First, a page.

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I have a little bit confused on unitary operators and surjective isometries on a Hilbert space.

I think it is quite clear that A operator is unitary if and only if it is a surjective isometry.

However, according to the first line of the 2nd page of https://link.springer.com/article/10.1007/BF02761592 (or first paragraph of the 2nd page of https://core.ac.uk/download/pdf/82282502.pdf), there are more surjective isometries on a Hilbert space onto itself than unitary operators.

Is it a contradiction or did I misunderstand something?

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  • $\begingroup$ I think the paper is just saying that there are actually many more isometries in a Hilbert space than just those that conform to the form of (1.2) and (1.3). Indeed, the author states that these other isometries can’t be composed out of unitary operators as (1.2) or (1.3) would suggest, so the isometries the author is referring to are probably in particular those non-surjective ones. You are correct in thinking that all surjective isometries are unitary operators and vice-versa. $\endgroup$ May 20, 2019 at 2:09
  • $\begingroup$ @JackCrawford Actually, these authors considered surjective/onto isometries...They emphasized "onto" and “surjective” in their papers. $\endgroup$
    – user92646
    May 20, 2019 at 2:14
  • $\begingroup$ I see them refer to “isometries of a set onto itself” but I don’t think the term “onto” here is to be read as surjectivity so much as just specifying the codomain. I’m afraid I can’t spot any location where they refer to these isometries (that explicitly do not conform to (1.2) and (1.3)) as surjective, sorry, could you point out a location where the authors say this? $\endgroup$ May 20, 2019 at 2:18
  • $\begingroup$ @JackCrawford Please don't be sorry. I am very grateful for your help. In the first paper, the author didn't say surjective but if u and w are unitary operator, then the isometry is clearly surjective. Well, I get your point. You mean in p248, the author didn't say that the isometry is surjective. So, please have a look at the second paper. In line 8 of the second page, it is explicitly pointed out that the isometries are surjective. $\endgroup$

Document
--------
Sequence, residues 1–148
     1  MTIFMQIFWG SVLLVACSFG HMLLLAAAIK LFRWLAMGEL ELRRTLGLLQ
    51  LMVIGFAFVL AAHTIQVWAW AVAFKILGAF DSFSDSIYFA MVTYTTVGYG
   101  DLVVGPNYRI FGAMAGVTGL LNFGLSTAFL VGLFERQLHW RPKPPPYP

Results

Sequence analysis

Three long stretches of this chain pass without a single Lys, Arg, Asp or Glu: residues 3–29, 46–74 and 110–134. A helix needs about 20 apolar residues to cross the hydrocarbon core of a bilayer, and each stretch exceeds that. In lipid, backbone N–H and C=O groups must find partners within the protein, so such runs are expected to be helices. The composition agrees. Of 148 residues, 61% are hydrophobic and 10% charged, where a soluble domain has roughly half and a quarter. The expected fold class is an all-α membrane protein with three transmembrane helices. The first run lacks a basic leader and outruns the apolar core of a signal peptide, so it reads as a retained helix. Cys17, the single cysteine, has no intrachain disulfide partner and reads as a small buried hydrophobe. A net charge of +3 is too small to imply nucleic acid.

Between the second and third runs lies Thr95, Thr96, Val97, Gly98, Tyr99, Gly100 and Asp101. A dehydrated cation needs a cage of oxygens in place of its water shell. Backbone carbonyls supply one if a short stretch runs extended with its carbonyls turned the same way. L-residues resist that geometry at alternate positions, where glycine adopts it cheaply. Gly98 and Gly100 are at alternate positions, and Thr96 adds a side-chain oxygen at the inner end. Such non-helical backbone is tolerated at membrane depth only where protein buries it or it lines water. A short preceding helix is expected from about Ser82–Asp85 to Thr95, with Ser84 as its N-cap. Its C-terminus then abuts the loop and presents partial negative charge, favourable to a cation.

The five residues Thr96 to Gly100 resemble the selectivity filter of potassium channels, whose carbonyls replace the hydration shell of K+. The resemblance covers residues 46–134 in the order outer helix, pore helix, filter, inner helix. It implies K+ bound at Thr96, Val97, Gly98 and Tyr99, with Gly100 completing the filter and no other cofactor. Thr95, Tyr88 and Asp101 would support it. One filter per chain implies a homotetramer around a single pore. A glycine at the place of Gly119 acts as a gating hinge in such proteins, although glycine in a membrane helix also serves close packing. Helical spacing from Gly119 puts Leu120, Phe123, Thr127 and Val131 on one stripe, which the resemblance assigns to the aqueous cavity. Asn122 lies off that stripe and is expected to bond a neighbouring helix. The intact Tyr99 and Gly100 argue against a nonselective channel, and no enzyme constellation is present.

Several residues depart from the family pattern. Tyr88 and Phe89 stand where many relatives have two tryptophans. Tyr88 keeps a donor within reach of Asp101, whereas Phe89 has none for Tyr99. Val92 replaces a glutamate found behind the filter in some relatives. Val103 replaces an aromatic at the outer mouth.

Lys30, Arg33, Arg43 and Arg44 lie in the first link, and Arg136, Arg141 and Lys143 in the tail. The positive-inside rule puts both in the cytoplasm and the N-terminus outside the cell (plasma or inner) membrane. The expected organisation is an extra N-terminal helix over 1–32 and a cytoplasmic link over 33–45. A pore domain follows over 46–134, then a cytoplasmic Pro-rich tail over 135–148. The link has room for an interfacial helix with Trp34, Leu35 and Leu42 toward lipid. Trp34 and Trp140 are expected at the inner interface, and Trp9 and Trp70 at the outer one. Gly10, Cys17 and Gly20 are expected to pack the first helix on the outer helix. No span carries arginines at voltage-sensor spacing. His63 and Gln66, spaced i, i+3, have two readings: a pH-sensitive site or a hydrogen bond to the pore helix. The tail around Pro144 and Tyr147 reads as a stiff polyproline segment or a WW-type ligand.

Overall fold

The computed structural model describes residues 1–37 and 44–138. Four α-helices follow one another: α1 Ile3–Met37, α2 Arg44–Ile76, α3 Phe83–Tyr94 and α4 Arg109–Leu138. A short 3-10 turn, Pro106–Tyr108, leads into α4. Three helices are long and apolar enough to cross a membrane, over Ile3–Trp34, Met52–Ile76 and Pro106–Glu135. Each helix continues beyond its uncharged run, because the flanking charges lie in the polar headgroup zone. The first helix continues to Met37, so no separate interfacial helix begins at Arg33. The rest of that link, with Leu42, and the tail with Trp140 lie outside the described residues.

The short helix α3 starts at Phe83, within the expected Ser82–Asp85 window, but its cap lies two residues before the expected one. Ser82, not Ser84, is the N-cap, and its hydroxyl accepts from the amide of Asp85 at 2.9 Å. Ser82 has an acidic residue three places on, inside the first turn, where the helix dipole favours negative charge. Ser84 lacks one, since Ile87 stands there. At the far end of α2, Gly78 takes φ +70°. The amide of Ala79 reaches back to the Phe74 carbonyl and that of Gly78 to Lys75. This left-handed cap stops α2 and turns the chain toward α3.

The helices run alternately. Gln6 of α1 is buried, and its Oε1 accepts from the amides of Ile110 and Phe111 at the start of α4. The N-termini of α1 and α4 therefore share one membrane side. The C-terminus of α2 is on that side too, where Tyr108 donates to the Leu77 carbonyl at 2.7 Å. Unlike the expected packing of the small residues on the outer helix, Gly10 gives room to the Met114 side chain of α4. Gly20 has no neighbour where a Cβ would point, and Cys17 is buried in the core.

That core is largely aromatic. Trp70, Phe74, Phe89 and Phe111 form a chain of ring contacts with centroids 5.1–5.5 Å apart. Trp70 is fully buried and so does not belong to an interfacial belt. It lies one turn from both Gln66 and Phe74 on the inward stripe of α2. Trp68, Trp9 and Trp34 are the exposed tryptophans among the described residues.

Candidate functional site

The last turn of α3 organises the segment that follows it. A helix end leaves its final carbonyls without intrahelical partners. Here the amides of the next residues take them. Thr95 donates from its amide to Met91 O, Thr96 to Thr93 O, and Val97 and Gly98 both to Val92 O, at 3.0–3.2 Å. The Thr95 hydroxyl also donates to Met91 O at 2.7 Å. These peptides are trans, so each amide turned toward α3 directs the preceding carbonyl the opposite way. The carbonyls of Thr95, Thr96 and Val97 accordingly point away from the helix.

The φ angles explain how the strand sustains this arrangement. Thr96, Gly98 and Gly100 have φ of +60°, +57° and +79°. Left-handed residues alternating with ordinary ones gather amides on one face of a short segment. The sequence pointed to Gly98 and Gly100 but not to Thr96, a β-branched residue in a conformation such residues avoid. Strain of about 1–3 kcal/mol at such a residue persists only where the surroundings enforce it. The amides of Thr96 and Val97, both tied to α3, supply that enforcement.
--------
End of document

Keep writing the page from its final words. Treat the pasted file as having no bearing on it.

– user92646
    May 20, 2019 at 2:23
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    $\begingroup$ @JackCrawford I reckon that the first author made a mistake and then the second just followed... $\endgroup$
    – user92646
    May 20, 2019 at 2:40

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You seem to be confusing what the authors are saying. They do not state that there are more surjective isometries on a Hilbert space than unitaries.

In the quote from Arazy's paper, the author states that isometries of $C_2$ (i.e. the Hilbert-Schmidt operators) onto itself, of the form $x\mapsto uxw$ for some unitaries $u,w\in\mathcal B(\ell^2)$ does not exhaust the set of all surjective (linear) isometries of $C_2$ to itself, but that it does for $C_p$ with $p\neq 2$ (i.e. the set of Schatten $p$-class operators).

In the quote from Sourour's paper, he states that for a Hilbert space $H$, maps from $\mathcal B(H)\to\mathcal B(H)$ of the form $x\mapsto uxw$ for unitaries $u,w\in\mathcal B(H)$, exhaust the set of all surjective (linear) isometries of $\mathcal B(H)$ to itself.

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  • $\begingroup$ Ah, the reason is there are two Hilbert spaces $C_2$ and $\ell_2$ here! Thanks! $\endgroup$
    – user92646
    May 20, 2019 at 5:37
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    $\begingroup$ You're welcome. Glad to help! $\endgroup$
    – Aweygan
    May 20, 2019 at 6:24

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